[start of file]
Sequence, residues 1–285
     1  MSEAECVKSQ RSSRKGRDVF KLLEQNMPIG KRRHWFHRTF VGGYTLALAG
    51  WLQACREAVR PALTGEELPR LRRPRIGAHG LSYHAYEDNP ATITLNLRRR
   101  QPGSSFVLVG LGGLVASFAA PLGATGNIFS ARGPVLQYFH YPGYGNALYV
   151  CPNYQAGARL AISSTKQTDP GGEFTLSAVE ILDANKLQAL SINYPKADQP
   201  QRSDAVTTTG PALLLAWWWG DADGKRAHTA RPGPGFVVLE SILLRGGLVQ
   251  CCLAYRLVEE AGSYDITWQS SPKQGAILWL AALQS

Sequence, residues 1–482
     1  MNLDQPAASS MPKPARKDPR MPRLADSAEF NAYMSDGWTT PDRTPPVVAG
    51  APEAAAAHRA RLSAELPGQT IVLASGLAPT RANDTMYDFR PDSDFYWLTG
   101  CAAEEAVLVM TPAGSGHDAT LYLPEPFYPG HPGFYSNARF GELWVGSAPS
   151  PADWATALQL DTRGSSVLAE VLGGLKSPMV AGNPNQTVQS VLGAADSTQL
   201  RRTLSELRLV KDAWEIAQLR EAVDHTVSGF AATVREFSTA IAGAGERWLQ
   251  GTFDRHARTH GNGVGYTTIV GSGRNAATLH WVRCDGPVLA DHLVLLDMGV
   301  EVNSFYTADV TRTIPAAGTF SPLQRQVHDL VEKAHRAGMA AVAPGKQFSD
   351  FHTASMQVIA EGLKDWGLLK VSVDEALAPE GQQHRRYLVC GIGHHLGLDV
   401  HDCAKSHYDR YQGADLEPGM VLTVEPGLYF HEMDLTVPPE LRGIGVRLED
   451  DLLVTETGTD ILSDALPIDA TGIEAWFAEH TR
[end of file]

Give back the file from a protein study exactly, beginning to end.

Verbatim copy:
Sequence, residues 1–285
     1  MSEAECVKSQ RSSRKGRDVF KLLEQNMPIG KRRHWFHRTF VGGYTLALAG
    51  WLQACREAVR PALTGEELPR LRRPRIGAHG LSYHAYEDNP ATITLNLRRR
   101  QPGSSFVLVG LGGLVASFAA PLGATGNIFS ARGPVLQYFH YPGYGNALYV
   151  CPNYQAGARL AISSTKQTDP GGEFTLSAVE ILDANKLQAL SINYPKADQP
   201  QRSDAVTTTG PALLLAWWWG DADGKRAHTA RPGPGFVVLE SILLRGGLVQ
   251  CCLAYRLVEE AGSYDITWQS SPKQGAILWL AALQS

Sequence, residues 1–482
     1  MNLDQPAASS MPKPARKDPR MPRLADSAEF NAYMSDGWTT PDRTPPVVAG
    51  APEAAAAHRA RLSAELPGQT IVLASGLAPT RANDTMYDFR PDSDFYWLTG
   101  CAAEEAVLVM TPAGSGHDAT LYLPEPFYPG HPGFYSNARF GELWVGSAPS
   151  PADWATALQL DTRGSSVLAE VLGGLKSPMV AGNPNQTVQS VLGAADSTQL
   201  RRTLSELRLV KDAWEIAQLR EAVDHTVSGF AATVREFSTA IAGAGERWLQ
   251  GTFDRHARTH GNGVGYTTIV GSGRNAATLH WVRCDGPVLA DHLVLLDMGV
   301  EVNSFYTADV TRTIPAAGTF SPLQRQVHDL VEKAHRAGMA AVAPGKQFSD
   351  FHTASMQVIA EGLKDWGLLK VSVDEALAPE GQQHRRYLVC GIGHHLGLDV
   401  HDCAKSHYDR YQGADLEPGM VLTVEPGLYF HEMDLTVPPE LRGIGVRLED
   451  DLLVTETGTD ILSDALPIDA TGIEAWFAEH TR